What’s the hottest new company in Silicon Valley right now?  Answer: Zynga.  Online gaming has taken off like crazy.  The buzz is everywhere.  I hear it among entrepreneurs, investors and even academia, but what about the social and public sectors?  Once again, somehow we’re missing the party.

That is except for Jane McGonigal.  Just recently I saw the TED video from this futurist from the Institute for the Future.  She makes the outlandish claim that the best way to solve the world’s ills is to get people to play more computer games.  Check it out here.  I agree.

My twist on her compelling presentation is that it’s really not about gaming but game mechanics.  The latter is the highly sophisticated science behind the engineering of games that makes the average US kid spend over 10,000 hours playing video games by the time they graduate high school(and adults almost as much now).  Game mechanics puts forth a wide-array of tools like points, levels, collecting, rewards, etc that can all be deployed to motivate behavior.  It’s about human psychology.  If you think about it, it’s a big part of our lives way beyond gaming: airline miles, thank you points, coupons, compensation benefits, etc.  These mechanics are crucial motivators that help give people that extra little push they need to do things.  Social change is also principally about behavior change so we better start becoming game mechanic experts!

The social and public sector is once again way behind.  If I mention game mechanics to my colleagues and friends in the social and public sectors, they have no idea what I’m talking about.  More important is the output; something’s very wrong if high school students spend on average 10,000 hours playing video games while only about 400 hours on community service!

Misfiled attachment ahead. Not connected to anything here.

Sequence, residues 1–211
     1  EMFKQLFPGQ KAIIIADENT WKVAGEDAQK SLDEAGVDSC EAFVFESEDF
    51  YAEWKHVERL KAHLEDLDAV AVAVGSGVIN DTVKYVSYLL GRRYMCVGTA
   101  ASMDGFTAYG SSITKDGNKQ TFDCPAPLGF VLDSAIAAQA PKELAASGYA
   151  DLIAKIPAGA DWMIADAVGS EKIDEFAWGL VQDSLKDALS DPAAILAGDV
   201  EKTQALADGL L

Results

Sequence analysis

Instinctually we know that people are willing to spend their free time to make their community and the world a better place.  Wikipedia has proven this to be true, building an amazing public good by capitalizing on more than 100 million volunteer hours. The point is that if we got a little more creative around human resource mobilization instead of fundraising, we would be much better off.  In fact, the very fact that civil society organizations are so obsessed with fundraising is the #1 reason people give for not wanting to engage with organizations.  An interesting psychology experiment (sure to be in Malcolm Gladwell’s next book) in Minnesota has shown that people are less likely to help others if they are made to think about money!  Stanford GSB professor, Jennifer Aaker, comes to a similar conclusion as seen in her 2008 paper, The Happiness of Giving: The Time-Ask Effect.

What would happen if organizations put more energy and creativity into recruiting people’s time and skill instead of their money?  More concretely, what if civil society and government did a better job of tapping into the power of game-mechanics to drive civic participation?  My proposal:  social leaders should step up and set goals for ourselves.  Community leaders should set operational goals i.e. 10% increase in volunteerism & civic participation, and we should keep clear metrics.  Every university, school, organization, corporation, church, etc. in the nation could be put to the challenge.  With the proper leadership, we can apply the new and emerging social technologies and maybe, just maybe, Zynga won’t be the only buzz around here anymore.